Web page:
The principal outcome of the Russian-Belarusian summit on September 9 was the announcement that all 28 “roadmaps”—now called “Union State Programs”—have finally been endorsed. Russian President Vladimir Putin disclosed that the agreed documents deal with the integration of Russia’s and Belarus’s currency systems (but short of issuing a single currency) as well as with the harmonization of tax collection. In addition, the parties are pursuing a common industrial policy and guaranteed equal access to government procurement. The formation of a single natural gas market is scheduled for late 2023.
Despite some strong opinions to the contrary (Kommersant, September 2), on the surface the integration of the two countries will proceed only in the trade, economic and military areas. No common supranational bodies are to emerge in the foreseeable future. Nevertheless, Putin did not rule out that at some point the creation of new Union State bodies would also happen. In turn, Belarus’s President Alyaksandr Lukashenka pointed out that Minsk and Moscow “would instantly come together even more tightly in military and political areas, if need be.” The two leaders also declared the full, “pre-pandemic”–level reopening of all transportation links between both countries (RT, September 10).
The focus on this breaking news per se is insufficient for a meaningful evaluation of the current situation in Belarus. In his interview with ONT (the second Belarusian national TV channel), Yury Shevtsov, arguably the most sophisticated political analyst on Lukashenka’s side of the political divide, was asked the following question: “The success of Belarusian-Russian integration is something we need to thank the protest movement and the West for. What they did was what—folly, short-sightedness or provocation?” “I do not think it was a provocation,” responded Shevtsov, “rather folly and short-sightedness.” Curiously, Shevtsov also shrugged off his interviewer’s suggestion that the worsening of relations between the European Union and China—a process in large part currently spearheaded by EU member Lithuania, which decided to recognize the de facto separateness of Taiwan—might actually benefit Belarus. “Not at all,” Shevtsov replied, adding, “that would be too ‘Lithuanian’ a reaction. In fact, Belarus is a bottleneck in China’s New Silk Road to Europe, so it [Belarus] would not benefit from the worsening of these [EU-Chinese] relations.” Shevtsov also posited that whereas in the short run a neutral status for Belarus is unrealistic, “at some point, cold wars end” and Minsk should be ready for that. Importantly, he sees one crucial reason for last year’s protests: “experts and intellectuals” did not enjoy a supportive environment inside Belarus, so they rushed to fulfill the incentivized external demand (ONT, September 9).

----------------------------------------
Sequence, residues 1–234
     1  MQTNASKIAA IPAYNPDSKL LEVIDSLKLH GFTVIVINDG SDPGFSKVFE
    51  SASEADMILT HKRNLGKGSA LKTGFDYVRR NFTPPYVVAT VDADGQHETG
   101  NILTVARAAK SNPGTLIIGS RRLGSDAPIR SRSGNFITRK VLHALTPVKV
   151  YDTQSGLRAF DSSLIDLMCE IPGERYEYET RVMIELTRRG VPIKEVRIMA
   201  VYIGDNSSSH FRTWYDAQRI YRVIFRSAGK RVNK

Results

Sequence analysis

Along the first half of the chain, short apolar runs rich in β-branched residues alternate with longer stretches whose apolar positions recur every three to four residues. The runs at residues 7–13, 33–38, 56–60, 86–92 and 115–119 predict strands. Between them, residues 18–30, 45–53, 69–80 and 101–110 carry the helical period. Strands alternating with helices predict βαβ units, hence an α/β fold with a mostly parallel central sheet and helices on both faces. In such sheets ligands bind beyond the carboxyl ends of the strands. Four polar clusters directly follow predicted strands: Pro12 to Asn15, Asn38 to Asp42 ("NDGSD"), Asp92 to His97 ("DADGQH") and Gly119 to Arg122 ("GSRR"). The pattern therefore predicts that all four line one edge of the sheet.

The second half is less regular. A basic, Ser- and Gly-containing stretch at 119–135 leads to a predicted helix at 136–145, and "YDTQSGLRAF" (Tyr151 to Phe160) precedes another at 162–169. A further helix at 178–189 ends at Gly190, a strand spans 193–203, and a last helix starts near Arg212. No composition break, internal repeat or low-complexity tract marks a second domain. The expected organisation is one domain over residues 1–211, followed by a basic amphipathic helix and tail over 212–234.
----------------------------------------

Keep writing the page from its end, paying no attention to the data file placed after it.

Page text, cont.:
Shevtsov’s judgments contain a dose of political realism, some of which can also be found on the other side of the barricade. Thus, Belarus’s former charge d’affaires in Switzerland Pavel Matsukevich believes only a reductions in sanctions pressure by the West can give Minsk some freedom of maneuver in the face of otherwise imminent unification with Russia (Ex-press, September 10). But most opposition-minded analysts think otherwise and use a somewhat peculiar logic to prove that.